The public availability of over 180,000 bacterial 16S ribosomal RNA (rRNA) sequences has facilitated microbial identification and classification using nucleic acid hybridization and other molecular approaches. Species-specific PCR, microarrays, and in situ hybridization are based on the presence of unique subsequences in the target sequence and therefore require prior knowledge of what organisms are likely to be present in a sample. Mass spectrometry is not limited by a pre-synthesized inventory of probe/primer sequences. It has already been demonstrated that organism identification can be recovered from mass spectra using various methods including base-specific cleavage of nucleic acids. The feasibility of broad bacterial identification by comparing such mass spectral patterns to predictive databases derived from virtually all previously sequenced strains has yet to be demonstrated, however. Herein, we present universal bacterial identification by base-specific cleavage, mass spectrometry, and an efficient coincidence function for rapid spectral scoring against a large database of predicted "mass catalogs". Using this approach in conjunction with universal PCR of the 16S rDNA gene, four bacterial isolates and an uncultured clone were successfully identified against a database of predicted cleavage products derived from over 47,000 16S rRNA sequences representing all major bacterial taxa. At present, the conventional DNA isolation and PCR steps require approximately 2 h, while subsequent transcription, enzymatic cleavage, mass spectrometric analysis, and database comparison require less than 45 min. All steps are amenable to high-throughput implementation.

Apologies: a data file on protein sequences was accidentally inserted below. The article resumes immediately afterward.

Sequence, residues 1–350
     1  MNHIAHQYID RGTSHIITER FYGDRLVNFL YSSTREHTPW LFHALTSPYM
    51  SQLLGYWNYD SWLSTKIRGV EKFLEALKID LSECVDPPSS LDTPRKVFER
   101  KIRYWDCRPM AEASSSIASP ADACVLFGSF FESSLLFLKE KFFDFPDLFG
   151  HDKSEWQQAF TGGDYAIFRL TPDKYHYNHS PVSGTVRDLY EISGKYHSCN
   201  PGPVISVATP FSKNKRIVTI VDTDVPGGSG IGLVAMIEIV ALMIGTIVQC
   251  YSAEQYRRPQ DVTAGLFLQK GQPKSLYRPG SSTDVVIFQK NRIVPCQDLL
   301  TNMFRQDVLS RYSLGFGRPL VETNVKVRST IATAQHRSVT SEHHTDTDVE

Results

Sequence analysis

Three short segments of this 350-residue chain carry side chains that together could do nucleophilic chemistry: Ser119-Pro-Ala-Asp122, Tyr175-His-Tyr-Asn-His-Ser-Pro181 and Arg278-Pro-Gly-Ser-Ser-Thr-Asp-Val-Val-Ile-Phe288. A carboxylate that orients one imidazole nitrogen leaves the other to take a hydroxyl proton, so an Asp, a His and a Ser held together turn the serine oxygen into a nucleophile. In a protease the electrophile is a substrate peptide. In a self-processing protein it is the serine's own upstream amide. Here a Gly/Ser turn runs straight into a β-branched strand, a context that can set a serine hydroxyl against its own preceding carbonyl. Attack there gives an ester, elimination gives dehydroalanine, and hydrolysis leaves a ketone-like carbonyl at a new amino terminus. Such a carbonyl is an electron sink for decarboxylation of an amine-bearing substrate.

- Rapid microbial identification
- Ribosomal RNA
- Spectral coincidence
ASJC Scopus subject areas
- Physical and Theoretical Chemistry